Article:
Valentine’s Day is celebrated worldwide. The holiday is named after the martyr, St. Valentinus, who often performed secret weddings for soldiers for which he was imprisoned.
Lovers worldwide celebrate the holiday by giving each other gifts to show how much they care about each other. It is a time when children eat candy hearts and send heartfelt messages to each other.
It is the holiday of romance, but in the classroom we can teach various themes including relationships, kindness, and various kinds of love, such as love of a pet, family, one’s self, or hobby.
Be sure to check out our Valentine's Day & Love collection for lessons and resources on love, dating, marriage, and relationships. Below are a few more activities with these themes in mind.
"Life's greatest happiness is to be convinced we are loved."
Heart, Love, and Romance Idioms
Valentine’s Day is a perfect excuse to teach idioms. Your students will enjoy learning about various idioms related to love, such as, “falling in love,” or “head over heels." Try this Love Idioms Poster from our Visual Learning section.
Here are some more ideas:
- Use this Love Around the Clock infographic from Grammar.net to teach various idioms like, “Pop the question,” and “Get back together.”
- After learning some idioms, have students choose a few to explain in a comic, with tools like Make Beliefs Comix or Creaza.
Heart Candy Activities
Ever receive a box of candy hearts with their short but lovely messages? Try any of these activities:
Each student picks a candy heart and has to act out the message for their classmates. When someone guesses the message the actor gets to eat the candy heart. This could help motivate shy students to play.
Guess the Drawing
Each student picks a candy heart and has to draw out the message for their classmates to guess. Have students pick out three to five of the messages and create written or digital stories using these messages. They can use tools like Storybird or Animoto.
Students pick out four to six of the messages and create a video dialogue between two or more fictitious characters using a digital storytelling tool, like Xtranormal.
If you want them to use their mobile devices, then try the free dialogue apps, PuppetPals and Talking Ben and Tom News Reporter.
Create a Comic
Students pick out four to six of the messages and create a digital comic of the conversation.
Explore Love in Art
Take a famous piece of art like Marc Chagall’s Dream Village. This painting represents Chagall courting his wife. Break students into pairs and have them write down at least three scenes or visual symbols they observe in the painting. Have them guess what each of these scenes or visual symbols represents, then share their ideas with the rest of the class.
Explore Love in Poetry
Valentine’s Day is a perfect time for students to explore the language of love in sonnets, haikus, limericks, etc. Try these ideas:
- Break students into pairs and give them a few poems to explore then have them create a comic or multimedia presentation where they recite the poem and add visuals that highlight the meaning. Use tools like Animoto or Photopeach.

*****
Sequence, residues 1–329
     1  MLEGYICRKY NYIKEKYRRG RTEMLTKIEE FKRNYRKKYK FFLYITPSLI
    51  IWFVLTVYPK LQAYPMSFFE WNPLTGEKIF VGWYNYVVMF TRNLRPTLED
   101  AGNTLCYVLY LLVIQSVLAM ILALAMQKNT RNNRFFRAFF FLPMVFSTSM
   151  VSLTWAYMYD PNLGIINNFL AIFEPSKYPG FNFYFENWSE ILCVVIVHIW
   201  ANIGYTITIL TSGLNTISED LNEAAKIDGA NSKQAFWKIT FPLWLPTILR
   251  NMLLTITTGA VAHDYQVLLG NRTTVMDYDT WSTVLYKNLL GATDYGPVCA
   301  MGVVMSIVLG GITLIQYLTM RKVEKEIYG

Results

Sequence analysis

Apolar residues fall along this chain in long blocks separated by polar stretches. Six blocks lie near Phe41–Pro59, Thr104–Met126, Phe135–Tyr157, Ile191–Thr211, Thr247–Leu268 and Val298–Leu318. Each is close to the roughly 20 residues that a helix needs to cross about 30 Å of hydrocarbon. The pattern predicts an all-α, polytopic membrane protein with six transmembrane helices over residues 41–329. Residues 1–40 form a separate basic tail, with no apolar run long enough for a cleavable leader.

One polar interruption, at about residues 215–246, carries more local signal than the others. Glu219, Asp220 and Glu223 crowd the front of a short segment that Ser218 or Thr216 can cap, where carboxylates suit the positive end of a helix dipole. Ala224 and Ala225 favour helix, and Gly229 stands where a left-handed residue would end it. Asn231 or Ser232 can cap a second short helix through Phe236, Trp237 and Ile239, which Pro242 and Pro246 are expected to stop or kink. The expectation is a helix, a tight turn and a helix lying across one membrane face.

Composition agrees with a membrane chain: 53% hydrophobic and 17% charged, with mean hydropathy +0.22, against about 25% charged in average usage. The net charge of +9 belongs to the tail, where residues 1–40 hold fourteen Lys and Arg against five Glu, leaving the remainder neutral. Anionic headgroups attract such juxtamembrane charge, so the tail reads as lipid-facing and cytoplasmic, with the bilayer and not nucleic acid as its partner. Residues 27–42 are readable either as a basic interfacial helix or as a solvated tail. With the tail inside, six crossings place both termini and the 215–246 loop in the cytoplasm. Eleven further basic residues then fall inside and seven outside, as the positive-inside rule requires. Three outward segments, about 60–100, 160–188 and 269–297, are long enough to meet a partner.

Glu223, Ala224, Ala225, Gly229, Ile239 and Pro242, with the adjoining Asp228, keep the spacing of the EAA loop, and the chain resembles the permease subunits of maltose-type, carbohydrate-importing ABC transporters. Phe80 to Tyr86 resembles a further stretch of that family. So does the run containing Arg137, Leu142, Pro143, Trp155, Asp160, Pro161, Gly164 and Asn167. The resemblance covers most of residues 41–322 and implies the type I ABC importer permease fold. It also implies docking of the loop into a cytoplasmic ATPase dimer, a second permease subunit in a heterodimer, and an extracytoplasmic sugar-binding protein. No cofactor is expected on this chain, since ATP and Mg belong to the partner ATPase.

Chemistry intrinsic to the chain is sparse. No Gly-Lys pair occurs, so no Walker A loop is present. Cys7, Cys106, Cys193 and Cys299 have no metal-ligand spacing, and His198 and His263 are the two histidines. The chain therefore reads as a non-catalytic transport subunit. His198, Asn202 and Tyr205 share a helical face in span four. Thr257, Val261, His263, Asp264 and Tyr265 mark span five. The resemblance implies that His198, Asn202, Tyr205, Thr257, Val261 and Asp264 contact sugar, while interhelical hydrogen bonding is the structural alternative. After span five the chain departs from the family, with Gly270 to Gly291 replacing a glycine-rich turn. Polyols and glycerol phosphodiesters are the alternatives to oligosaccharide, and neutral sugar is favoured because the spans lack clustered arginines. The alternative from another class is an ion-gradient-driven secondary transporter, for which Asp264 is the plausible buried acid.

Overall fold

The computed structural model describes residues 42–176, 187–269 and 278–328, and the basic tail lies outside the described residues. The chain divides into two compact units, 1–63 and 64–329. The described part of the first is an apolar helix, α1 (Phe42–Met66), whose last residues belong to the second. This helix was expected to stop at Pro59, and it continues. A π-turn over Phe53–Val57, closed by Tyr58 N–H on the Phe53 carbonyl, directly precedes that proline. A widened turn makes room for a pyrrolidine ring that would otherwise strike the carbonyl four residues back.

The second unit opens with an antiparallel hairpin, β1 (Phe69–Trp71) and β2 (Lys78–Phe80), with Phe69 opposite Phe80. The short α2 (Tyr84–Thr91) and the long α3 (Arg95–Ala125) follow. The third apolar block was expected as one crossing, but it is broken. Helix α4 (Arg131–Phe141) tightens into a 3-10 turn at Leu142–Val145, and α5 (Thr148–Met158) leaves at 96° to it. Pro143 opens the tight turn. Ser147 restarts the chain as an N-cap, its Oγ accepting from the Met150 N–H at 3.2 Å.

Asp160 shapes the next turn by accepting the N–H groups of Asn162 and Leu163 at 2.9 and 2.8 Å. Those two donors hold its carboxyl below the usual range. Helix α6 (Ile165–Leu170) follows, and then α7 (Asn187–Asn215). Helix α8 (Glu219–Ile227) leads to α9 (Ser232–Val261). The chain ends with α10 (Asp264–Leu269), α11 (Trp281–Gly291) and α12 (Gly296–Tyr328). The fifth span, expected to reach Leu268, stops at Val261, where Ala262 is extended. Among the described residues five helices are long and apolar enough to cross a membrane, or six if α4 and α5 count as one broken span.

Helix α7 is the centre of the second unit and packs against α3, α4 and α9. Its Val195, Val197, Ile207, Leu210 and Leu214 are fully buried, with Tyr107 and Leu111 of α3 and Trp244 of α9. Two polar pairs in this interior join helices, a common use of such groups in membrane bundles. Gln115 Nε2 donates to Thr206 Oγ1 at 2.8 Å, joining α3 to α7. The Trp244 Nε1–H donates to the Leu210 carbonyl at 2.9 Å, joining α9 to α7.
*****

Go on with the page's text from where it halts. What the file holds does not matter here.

- With Photopeach they can create a multimedia, interactive quiz about the poem that their classmates have to answer.
- Have students create their own love poetry with this cool online magnetic poetry tool. The words are there. They just put them together to create a poem, then can take a screenshot and post in a blog or wiki.
Analyze Love Quotes
Collect a list of love quotes like Einstein’s, "Gravitation is not responsible for people falling in love,” and cut them into strips. Have the quote in one strip and on another strip list the author and a few clues.
Give each student a strip. Instruct students to walk around the room to find their partners. Then give them 5 minutes to discuss the meaning of the quotes, whether they agree with the author, and name an example to support their stance.
They will present their quotes and ideas to the rest of their peers when you regroup as a class.
Analyze Pick Up Lines
Take famous pick up lines and have students create dialogues in which they have to create clever comebacks like in this funny post. They can use the previously named dialogue tools and comic strip tools.
Create Valentine’s Day Messages & Send to Friends & Family
Have your students create handmade crafts, cards, or origami where they insert kind messages for their family members or classmates. When sending these creations to their classmates, make sure they send nice messages to everyone so no one is singled out. You may want to check the messages for any grammar errors before they send these out.
- Find out how to make origami hearts, boxes, and more!
- Use mobile apps, such as Fotobabble or Animoto, to send Valentine’s Day messages. These are free and have templates related to the holiday.
More Great Websites and Resources
- Valentine’s Day Sites and Activities by Cybraryman
- Best Sites to Learn About Valentine’s Day by Larry Ferlazzo
- Valentine’s Day Resources by ESOL Courses
WOW! A goldmine!
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Thanks for checking out these Valentine's Day ideas and resources. We hope you find some fun things to do with your learners this week!
Great ideas. Hard to choose.
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